SASF Creates Humane Education Program for Local Schools

Students in the SASF HUMANe HUMANs program, Southampton Animal Shelter
Students in SASF’s HUMANe HUMANs program
Courtesy Southampton Animal Shelter

Southampton Animal Shelter Foundation (SASF) has announced the launch of HUMANe HUMANs, a humane education program aimed at teaching pre-K through fifth grade students about the humane treatment of animals. They are currently offering a pilot version of the program to local teachers and administrators for second and fifth grade students, to promote kindness and compassion for animals and provide information about the role that SASF and shelters like it play in the community.

Created by New York State certified teachers and shelter staff, the HUMANe HUMANs lessons are designed to meet SEL (Social and Emotional Learning) standards, DASA (Dignity for All Students Act), Common Core and other state and federal mandates, and to align with current classroom study with no interruption to teacher outcomes. Educators can select from a series of mini-lessons, or warm-ups, and full lessons that offer opportunities in ELA, science, social studies, math, and STEAM. Each grade level will also produce a culminating project as part of the program.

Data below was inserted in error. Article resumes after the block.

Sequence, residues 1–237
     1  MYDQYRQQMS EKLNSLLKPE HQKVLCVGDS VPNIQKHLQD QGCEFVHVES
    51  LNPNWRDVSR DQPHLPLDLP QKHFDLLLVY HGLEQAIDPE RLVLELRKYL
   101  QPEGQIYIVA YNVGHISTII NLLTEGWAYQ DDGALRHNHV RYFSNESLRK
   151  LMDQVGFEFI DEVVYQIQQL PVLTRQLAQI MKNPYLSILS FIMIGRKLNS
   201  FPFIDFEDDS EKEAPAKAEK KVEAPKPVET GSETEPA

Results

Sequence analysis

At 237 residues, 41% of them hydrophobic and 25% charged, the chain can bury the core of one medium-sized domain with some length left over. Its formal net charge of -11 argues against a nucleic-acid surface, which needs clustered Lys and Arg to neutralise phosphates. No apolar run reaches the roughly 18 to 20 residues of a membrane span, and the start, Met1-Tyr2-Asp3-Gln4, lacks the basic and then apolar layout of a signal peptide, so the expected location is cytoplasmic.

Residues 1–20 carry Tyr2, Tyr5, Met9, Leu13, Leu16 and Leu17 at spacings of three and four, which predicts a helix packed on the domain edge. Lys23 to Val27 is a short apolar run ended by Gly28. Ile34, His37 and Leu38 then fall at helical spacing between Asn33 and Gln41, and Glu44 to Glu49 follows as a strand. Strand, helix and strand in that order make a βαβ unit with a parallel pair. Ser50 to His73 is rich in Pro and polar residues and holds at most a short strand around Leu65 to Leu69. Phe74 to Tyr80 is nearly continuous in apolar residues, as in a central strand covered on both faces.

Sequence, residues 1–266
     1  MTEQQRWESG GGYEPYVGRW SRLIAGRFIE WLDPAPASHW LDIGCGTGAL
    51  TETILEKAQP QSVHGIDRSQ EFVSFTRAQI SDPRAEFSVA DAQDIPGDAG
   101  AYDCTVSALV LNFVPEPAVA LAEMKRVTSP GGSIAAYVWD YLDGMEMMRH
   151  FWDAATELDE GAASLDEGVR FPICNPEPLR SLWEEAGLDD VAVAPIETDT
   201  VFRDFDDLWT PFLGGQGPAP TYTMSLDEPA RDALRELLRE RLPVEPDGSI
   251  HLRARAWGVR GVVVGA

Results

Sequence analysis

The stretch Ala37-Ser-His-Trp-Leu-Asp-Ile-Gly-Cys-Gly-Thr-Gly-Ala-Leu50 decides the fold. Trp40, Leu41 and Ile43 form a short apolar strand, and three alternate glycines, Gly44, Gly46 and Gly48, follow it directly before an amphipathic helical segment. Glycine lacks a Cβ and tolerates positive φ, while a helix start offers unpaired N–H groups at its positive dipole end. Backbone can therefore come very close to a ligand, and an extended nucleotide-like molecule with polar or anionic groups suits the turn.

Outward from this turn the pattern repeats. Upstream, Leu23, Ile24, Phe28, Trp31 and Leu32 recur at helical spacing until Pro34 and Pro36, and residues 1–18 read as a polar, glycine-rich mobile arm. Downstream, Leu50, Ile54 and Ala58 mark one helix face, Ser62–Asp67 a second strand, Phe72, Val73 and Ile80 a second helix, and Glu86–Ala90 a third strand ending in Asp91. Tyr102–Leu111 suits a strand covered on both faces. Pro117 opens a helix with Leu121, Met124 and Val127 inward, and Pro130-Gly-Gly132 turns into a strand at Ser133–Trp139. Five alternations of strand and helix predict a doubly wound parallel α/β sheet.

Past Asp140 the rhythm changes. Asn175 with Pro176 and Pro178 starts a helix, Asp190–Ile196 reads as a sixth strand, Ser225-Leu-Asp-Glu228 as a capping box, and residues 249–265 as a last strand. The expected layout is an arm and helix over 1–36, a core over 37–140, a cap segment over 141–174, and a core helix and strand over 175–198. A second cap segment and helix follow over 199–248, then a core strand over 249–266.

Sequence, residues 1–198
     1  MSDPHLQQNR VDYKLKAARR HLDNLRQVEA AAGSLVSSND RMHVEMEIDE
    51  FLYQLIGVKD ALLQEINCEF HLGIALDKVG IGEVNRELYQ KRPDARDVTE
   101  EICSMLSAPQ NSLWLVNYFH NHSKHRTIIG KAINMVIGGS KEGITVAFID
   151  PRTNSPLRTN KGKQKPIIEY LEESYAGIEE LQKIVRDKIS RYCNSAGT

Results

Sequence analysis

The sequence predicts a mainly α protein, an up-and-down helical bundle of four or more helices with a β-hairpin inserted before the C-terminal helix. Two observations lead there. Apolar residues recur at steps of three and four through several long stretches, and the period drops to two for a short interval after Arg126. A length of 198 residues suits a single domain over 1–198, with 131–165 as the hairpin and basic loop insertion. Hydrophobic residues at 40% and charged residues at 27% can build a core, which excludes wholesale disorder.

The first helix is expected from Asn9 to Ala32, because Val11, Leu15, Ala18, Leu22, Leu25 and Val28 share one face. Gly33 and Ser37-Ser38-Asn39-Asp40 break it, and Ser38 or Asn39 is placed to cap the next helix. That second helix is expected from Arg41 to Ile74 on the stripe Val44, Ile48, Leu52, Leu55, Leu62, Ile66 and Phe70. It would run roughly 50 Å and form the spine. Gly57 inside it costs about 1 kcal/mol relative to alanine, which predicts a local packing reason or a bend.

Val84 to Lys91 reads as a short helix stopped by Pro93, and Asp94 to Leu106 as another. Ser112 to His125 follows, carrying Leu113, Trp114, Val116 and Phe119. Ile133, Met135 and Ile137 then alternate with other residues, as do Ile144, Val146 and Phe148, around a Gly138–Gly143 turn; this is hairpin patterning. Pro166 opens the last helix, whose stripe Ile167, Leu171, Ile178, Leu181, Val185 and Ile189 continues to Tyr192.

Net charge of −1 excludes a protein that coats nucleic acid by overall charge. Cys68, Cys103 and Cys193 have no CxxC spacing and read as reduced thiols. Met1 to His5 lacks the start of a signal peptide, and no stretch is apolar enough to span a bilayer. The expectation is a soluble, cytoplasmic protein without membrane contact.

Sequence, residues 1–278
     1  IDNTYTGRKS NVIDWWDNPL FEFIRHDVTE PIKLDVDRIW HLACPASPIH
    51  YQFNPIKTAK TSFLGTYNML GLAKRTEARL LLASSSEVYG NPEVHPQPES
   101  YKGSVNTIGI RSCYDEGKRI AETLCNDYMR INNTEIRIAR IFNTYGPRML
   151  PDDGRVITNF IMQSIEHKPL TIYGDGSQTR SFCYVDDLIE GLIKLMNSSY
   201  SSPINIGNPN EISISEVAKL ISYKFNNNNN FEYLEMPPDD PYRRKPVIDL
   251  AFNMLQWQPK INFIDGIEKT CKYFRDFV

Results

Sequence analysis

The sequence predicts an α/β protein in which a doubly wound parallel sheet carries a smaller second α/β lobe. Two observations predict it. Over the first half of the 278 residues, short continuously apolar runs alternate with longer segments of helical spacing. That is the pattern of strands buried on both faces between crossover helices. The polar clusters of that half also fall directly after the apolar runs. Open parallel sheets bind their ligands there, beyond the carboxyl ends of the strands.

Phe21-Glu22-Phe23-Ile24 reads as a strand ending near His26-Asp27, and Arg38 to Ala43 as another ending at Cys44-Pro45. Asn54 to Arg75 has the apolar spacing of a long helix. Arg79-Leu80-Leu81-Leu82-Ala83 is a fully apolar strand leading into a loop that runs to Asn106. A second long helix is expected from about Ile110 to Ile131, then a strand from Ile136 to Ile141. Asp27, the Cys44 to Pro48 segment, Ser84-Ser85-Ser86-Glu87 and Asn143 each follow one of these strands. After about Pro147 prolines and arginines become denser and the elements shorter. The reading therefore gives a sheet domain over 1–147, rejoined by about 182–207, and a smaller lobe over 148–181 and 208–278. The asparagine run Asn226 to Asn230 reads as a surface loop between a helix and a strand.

To implement this, SASF is sending schools a full packet of lessons, as well as a resource guide with a list of recommended reading for classroom teachers and librarians. Participating educators are encouraged to bring students on a field trip to the shelter as part of their humane education, but it is not a requirement.

SASF offers four virtual classroom videos on their website,, to get kids started on their humane education. The videos — including “All About Animal Shelters,” “Wild vs. Companion Animals,” “Fostering a Shelter Pet” and “Build a Feral Cat Shelter” — will give anyone interested in this program a picture of what might be offered in the classroom.

If the HUMANe HUMANs pilot program is successful with second and fifth graders, SASF hopes to share plans for students in pre-K and kindergarten, as well as first, third and fourth grades. The end goal is to teach young people empathy and compassion, especially when it comes to animals, both wild and domestic.

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